Employer Benefit Plan Sponsors Face New Audit Requirements by Melissa Fleitas, CPA
The July 31 deadline for businesses to file annual employee benefit plan returns (or request a two and a half month filing extension) is right around the corner. While all employers offering defined contribution plans will find a few changes to the information reporting requirements found on IRS Form 5500, those with 100 or more eligible plan participants should be prepared for significant changes in their audits for plans with the year ended December 31, 2021.
Understanding Employee Benefit Plan Reporting Requirements
Employee benefit plans, such as 401(k)s and 403(b)s, are governed by the Employee Retirement Income Security Act (ERISA) of 1972, which establishes fiduciary standards employers must follow to protect plan assets, participants, retirees and their named beneficiaries. For example, a plan sponsor must annually file Form 5500 by July 31 (or October 15 with an extension) or face IRS penalties of $250 per day up to a total of $150,000 and DOL penalties of up to $2,529 per day with no maximum. In addition, plans with 100 or more participants at the beginning of a plan year historically have had an additional requirement to submit with Form 5500 an audit prepared by a qualified independent accountant. These audits are at the center of recent changes.
In 2019, the American Institute of Certified Public Accountants (AICPA) issued a statement of auditing standards (SAS 136) prescribing new requirements for employee-benefit plan financial audits. More specifically, for periods ending on or after Dec. 15, 2021, limited-scope audits for large plans with 100 or more eligible participants are being replaced with a new ERISA Section 103(a)(3)(C) audit, which places expanded responsibilities on plan sponsors.
Changes Under SAS 136, Forming an Opinion and Reporting on Financial Statements of Employee Benefit Plans Subject to ERISA
SAS 136 aims to provide readers of financial statements with a better understanding of the scope of an employee benefit plan audit and clarify the responsibilities of both plan sponsors and auditors. The audit opinion of an ERISA section 103(a)(3)(C) audit will include information about the procedures performed on both certified and noncertified information. Consequently, employers will bear more responsibilities to document their ERISA plans’ financial statements and administrative expenses, participant eligibility, contributions and benefits received as well as the internal controls in place to govern and manage those plans. Plan sponsors should prepare for greater transparency and acknowledgement of their broader responsibilities this year. Some of the requirements they will need to meet include the following:
- Provide proof and written confirmation they qualify for an ERISA 103(a)(3)(C) audit;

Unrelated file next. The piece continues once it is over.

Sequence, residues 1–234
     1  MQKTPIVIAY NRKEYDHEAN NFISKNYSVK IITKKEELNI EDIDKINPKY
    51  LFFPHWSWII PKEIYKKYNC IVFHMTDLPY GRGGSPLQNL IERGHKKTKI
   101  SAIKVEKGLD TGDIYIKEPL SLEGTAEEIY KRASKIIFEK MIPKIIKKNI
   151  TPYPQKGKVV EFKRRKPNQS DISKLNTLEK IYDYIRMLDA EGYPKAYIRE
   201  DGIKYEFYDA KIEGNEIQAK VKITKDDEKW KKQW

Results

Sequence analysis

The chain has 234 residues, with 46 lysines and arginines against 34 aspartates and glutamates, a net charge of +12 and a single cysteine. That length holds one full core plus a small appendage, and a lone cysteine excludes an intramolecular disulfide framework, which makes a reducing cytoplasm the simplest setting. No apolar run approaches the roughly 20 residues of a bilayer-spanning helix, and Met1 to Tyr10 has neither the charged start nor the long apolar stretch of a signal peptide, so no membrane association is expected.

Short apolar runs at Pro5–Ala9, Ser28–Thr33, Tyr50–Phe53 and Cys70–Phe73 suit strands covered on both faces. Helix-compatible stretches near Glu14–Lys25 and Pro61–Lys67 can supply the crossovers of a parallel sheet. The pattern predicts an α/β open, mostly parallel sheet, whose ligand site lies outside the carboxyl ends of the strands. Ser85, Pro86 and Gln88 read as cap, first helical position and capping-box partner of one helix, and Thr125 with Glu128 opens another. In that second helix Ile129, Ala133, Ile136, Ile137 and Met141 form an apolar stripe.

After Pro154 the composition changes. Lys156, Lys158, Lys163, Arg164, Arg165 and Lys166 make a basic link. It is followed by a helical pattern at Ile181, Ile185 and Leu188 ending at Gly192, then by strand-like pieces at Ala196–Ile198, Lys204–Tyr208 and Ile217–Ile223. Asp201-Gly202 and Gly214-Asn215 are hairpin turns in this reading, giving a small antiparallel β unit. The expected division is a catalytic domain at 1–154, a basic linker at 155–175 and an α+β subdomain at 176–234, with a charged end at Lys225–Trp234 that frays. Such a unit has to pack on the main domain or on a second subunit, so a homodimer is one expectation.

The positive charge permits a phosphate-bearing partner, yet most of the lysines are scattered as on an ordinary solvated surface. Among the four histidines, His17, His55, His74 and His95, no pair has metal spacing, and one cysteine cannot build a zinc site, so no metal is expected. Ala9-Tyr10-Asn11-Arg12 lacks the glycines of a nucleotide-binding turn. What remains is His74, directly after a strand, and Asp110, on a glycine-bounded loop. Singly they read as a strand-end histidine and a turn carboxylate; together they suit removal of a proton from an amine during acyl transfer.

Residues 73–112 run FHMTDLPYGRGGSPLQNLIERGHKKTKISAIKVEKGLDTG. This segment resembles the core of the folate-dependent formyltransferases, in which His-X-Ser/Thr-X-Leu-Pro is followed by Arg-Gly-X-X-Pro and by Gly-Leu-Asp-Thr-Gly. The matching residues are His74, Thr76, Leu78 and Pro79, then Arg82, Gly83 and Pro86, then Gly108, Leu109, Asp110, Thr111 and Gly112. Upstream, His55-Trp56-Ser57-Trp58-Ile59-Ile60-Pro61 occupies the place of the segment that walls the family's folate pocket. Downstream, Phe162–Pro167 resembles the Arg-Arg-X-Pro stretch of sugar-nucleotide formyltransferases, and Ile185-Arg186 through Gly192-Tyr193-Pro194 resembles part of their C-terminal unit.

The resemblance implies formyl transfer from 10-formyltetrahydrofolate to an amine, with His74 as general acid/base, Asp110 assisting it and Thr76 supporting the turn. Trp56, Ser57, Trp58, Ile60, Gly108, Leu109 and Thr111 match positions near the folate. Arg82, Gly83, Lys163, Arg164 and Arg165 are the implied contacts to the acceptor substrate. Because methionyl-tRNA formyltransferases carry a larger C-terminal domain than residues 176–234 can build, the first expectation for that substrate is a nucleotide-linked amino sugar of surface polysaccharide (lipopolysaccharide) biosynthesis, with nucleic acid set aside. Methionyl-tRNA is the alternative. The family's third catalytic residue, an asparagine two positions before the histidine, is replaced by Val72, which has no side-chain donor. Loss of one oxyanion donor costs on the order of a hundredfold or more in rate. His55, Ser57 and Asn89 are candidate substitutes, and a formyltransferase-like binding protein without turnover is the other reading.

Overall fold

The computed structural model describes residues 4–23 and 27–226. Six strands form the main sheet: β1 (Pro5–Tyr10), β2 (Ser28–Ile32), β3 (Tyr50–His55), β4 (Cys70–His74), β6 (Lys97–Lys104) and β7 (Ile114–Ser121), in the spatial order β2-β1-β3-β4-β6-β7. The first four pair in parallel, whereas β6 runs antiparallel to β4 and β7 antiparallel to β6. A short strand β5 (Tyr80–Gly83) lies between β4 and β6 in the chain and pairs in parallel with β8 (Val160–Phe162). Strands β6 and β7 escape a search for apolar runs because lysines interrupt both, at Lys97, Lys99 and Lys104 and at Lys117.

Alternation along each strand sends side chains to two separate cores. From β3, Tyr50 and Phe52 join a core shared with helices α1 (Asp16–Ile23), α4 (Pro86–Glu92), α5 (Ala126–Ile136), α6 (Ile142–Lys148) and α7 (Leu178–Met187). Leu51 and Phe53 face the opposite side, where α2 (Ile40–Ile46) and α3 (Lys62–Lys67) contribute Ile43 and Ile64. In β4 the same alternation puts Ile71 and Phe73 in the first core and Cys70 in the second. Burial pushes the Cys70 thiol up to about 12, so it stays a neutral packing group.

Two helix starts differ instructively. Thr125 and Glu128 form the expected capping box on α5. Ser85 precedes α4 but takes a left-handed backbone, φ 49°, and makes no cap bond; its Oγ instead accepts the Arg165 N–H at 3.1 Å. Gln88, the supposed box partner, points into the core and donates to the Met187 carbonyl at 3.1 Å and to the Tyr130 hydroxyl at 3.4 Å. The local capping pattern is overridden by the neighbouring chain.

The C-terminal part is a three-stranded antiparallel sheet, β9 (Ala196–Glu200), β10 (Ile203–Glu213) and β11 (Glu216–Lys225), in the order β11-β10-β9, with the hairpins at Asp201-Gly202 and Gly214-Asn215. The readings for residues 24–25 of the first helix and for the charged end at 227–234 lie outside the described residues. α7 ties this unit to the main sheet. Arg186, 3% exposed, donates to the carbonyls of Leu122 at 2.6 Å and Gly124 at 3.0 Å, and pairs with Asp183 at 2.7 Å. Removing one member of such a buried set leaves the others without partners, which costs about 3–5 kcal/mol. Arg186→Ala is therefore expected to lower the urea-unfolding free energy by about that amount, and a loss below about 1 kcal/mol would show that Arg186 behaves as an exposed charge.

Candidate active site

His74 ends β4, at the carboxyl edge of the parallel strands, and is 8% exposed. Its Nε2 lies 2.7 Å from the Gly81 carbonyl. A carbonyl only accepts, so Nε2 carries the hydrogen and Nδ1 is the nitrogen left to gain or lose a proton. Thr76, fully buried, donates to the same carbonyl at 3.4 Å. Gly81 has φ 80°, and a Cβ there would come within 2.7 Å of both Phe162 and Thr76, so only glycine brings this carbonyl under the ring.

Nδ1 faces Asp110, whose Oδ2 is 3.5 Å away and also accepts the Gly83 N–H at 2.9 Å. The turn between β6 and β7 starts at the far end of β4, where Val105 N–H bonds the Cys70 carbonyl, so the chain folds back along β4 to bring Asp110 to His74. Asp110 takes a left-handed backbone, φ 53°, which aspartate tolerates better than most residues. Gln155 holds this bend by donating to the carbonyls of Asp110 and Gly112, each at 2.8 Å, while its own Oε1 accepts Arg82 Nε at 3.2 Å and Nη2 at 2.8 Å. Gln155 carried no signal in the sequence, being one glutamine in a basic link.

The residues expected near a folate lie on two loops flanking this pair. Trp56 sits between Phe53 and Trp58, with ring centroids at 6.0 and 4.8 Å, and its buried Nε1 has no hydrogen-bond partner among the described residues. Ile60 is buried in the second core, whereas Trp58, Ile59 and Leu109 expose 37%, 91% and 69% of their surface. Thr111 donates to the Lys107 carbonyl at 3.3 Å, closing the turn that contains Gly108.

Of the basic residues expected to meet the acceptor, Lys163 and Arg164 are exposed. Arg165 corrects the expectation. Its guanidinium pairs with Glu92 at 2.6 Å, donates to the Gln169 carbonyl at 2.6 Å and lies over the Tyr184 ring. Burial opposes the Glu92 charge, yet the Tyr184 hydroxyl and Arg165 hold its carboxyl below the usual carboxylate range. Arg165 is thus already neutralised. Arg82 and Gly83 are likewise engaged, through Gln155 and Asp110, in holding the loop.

- Acknowledge and explain management’s responsibilities to administer the plan, maintain records and ensure the accuracy of its financial statements and certified investment details;
- Obtain certification from qualified institutions that the plans’ investment information is complete and accurate;
- Maintain up-to-date documentation of all plan instruments, including plan amendments, records of plan participants and reporting of prohibited transactions;
- Consider whether prohibited transactions identified by management or as part of the audit have been appropriately reported in the applicable ERISA-required supplemental schedules;
- Evaluate whether there are conditions or events that could raise substantial doubts about the plan’s viability and its ability to continue as a going concern;
- Confirm performance of annual nondiscrimination compliance testing; and
- Provide auditors with a completed Form 5500, confirming data contained in financial statements and identifying potential data inconsistencies.
These new audit compliance standards place more responsibility and liability for risks on plan sponsors’ shoulders. Even in situations in which third-party service providers are hired to administer their plans, employers continue to bear the burden of ensuring the most accurate and proper accounting and reporting of plan performance. Under the new standards, plan sponsors have the benefit of increased transparency and communication during audits performed by qualified auditors who must adhere to professional standards. In instances in which auditors identify potential risks of non-compliance, they may communicate them to employers along with recommendations for how to improve plan compliance going forward.
About the Author: Melissa Fleitas, CPA, is an associate director of Assurance and Advisory Services with Berkowitz Pollack Brant, where she provides accounting, audit and consulting services to a wide range of companies in the healthcare, manufacturing and distribution sectors. She can be reached at the firm’s Miami office at (305) 379-7000 or email@example.com.